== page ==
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A bit crazy for crustaceans

In 2004, Texas transplant Dada Ngo opened the Boiling Crab in Little Saigon. The Cajun cooking has ignited a rage for crayfish.

September 23, 2008|My-Thuan Tran | Times Staff Writer

When Dada Ngo opened a Cajun-style crayfish restaurant in the heart of Orange County's Vietnamese enclave, she worried whether it would survive. Crayfish was popular fare along the Gulf Coast where she had lived, but the red-clawed crustaceans were alien to most West Coast Vietnamese diners.

Some thought crayfish were fish. They were intimidated when what looked like tiny lobsters were brought from the kitchen in steaming plastic bags and dumped on the table. Diners did not know how to rip off the little heads or crack the hard shells with their fingers and they complained that it took too much work for no more than a pinkie-toe-sized morsel of meat.

But the crustaceans quickly became a craze in Little Saigon, home to the largest population of Vietnamese in the country. In a place better known for its hundreds of pho noodle restaurants and banh mi sandwich shops, Cajun seafood has found a niche hundreds of miles from the bayou.

Now, the Boiling Crab has lines out the door nearly every night. And the crayfish craze has spawned nearly a dozen imitators, mostly within a four-square-mile radius -- the Rockin' Crayfish, the Red Claw and the Cajun Corner. Vietnamese entrepreneurs have even exported the idea to enclaves in San Jose, Houston, San Francisco and San Diego.

It's the classic story of conducting business in Little Saigon, an insular enclave glutted with thousands of similar shops and restaurants catering to Vietnamese tastes, where success is readily duplicated.

Restaurants and businesses fiercely compete for the same Vietnamese customers, leaving the market saturated and prices stagnating. There are dozens of pho noodle restaurants with virtually the same menu. Lee's Sandwiches, a popular Vietnamese chain, has copycats in the area. Pinkberry yogurt knockoffs have come to town.

Crayfish has become the latest fad. "It's great that it's catching on, and it's flattering that people have copied," said Ngo, 33. "But on the other hand, it's kind of a bummer. Grabbing on to someone's concept makes it redundant and reduces quality and the essence of it. You can end up killing each other."

When Ngo and her now-husband, Sinh Nguyen, 37, lived in Arlington, Texas, they loved boiling crayfish for casual cookouts that were popular near the bayou and Gulf Coast cities. Ngo's friends and family could easily consume 30 pounds in a single afternoon.

When Ngo moved to Orange County to take a human resources management job, she searched the neighborhood restaurants for crayfish. The only place she could find it was Cafe Artist in Little Saigon, where it was served with other appetizers. In response, Ngo and her husband decided to open a restaurant that served crayfish and crab, Louisiana-style, with hot links and corn. Hardly typical Vietnamese fare.

"We thought it would be fun to bring to California what we really liked in the Midwest and South," Ngo said. "We knew that culturally-wise, Asians like seafood."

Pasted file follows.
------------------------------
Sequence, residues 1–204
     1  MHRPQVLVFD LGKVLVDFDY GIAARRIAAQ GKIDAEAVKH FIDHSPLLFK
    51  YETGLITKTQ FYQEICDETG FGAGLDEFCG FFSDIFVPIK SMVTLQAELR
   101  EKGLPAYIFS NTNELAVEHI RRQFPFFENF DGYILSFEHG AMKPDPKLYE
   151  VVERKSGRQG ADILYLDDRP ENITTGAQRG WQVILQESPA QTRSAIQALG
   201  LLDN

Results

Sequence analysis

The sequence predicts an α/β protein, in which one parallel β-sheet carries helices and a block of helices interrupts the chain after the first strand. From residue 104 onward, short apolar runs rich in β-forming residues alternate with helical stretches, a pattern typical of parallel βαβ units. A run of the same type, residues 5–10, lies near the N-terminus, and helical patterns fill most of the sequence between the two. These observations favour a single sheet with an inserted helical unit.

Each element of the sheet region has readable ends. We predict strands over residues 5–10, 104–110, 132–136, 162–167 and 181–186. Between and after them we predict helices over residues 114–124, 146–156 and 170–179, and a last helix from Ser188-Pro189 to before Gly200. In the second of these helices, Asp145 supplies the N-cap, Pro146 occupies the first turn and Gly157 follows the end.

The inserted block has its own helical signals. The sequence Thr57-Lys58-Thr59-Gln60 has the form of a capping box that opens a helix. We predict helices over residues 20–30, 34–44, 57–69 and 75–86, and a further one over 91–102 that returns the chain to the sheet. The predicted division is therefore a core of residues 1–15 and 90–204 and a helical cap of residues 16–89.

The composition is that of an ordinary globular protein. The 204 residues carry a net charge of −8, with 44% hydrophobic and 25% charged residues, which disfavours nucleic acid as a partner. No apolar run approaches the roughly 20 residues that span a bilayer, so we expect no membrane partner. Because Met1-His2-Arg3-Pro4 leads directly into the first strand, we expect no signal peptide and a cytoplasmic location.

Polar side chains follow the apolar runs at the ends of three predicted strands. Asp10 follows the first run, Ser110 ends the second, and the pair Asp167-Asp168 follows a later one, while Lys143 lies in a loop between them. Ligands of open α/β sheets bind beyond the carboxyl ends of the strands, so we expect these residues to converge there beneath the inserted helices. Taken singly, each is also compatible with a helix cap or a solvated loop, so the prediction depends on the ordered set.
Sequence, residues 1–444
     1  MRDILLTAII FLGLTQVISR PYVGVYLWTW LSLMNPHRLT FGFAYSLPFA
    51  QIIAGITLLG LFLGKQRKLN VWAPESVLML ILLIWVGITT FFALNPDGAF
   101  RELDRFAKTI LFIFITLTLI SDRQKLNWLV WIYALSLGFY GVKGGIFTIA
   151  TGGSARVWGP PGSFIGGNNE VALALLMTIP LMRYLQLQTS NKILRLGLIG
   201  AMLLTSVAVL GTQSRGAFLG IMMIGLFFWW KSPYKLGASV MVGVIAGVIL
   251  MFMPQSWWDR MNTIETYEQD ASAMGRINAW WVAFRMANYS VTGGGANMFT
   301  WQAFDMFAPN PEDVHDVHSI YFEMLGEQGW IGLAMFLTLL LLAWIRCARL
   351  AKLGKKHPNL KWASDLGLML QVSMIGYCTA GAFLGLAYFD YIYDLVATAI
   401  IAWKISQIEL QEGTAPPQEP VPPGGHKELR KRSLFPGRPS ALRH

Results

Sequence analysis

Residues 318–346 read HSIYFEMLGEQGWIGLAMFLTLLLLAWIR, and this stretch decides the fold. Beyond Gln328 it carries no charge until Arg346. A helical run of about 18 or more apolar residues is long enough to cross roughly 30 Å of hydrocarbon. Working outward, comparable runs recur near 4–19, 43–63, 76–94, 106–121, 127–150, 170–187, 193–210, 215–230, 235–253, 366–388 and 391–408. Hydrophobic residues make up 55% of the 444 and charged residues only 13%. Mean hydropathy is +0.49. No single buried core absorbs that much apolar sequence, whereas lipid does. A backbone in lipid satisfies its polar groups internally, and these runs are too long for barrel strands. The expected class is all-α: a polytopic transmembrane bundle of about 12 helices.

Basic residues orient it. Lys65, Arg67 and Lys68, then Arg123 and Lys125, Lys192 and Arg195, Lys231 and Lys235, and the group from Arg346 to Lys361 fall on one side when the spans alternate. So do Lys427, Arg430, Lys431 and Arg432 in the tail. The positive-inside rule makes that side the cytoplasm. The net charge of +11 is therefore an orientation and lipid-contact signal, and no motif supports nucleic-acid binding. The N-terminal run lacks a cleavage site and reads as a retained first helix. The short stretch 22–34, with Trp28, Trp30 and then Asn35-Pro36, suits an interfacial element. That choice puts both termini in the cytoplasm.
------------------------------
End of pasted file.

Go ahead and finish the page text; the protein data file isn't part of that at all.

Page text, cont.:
She toiled for hours in the kitchen to find an addicting seasoning of garlic, butter, lemon and Cajun spices to pour on the crayfish, a twist on Louisiana's dry-spices style.

The restaurant opened in 2004 in a Garden Grove strip mall. They painted the walls blue, put up kitschy fake anchors and fishing nets and lined the walls with photos of her husband's family, who were crabbers and shrimpers for generations in Vietnam.

Diners get plastic bibs and sit at tables covered with butcher paper. The crayfish -- which are shipped from Louisiana most of the year -- are ordered by the pound and served at market price, which averages $7.99 a pound. There is also blue crab, king crab, shrimp and fried catfish. There are no plates. Hip hop music blares from speakers.

On a recent night, Greg Larson and nine friends grabbed at piles of crayfish and crab, flinging the hollowed-out shells, heads and claws on the table. "I had crayfish in the South, but I didn't know they had anything like this in Southern California," said Larson, 31, of Anaheim as he carefully wiggled out the crayfish meat, his fingers glistening with butter sauce. He said he eats crayfish about once a month.

Eating crayfish -- also known as crawdads and mud bugs -- is not for the squeamish. The more adventurous suck the juices from the head. Piles of cracked and shredded shells pile up in front of diners. The seafood smell hangs on customers' clothing. But customers keep returning, and out-of-town visitors even buy pounds of crayfish to bring home.

By the end of 2005, a smattering of other crayfish restaurants had popped up. One was the Cajun Corner, two miles away. "Everybody and their mom was trying to open crayfish restaurants and just crossing their fingers," said Paul Tran, one of the Cajun Corner's owners.

Tran, fresh out of college with a marketing degree, had his first taste of crayfish after his aunt and uncle -- who had fled New Orleans during Hurricane Katrina -- put on a crayfish boil when they arrived in Orange County.

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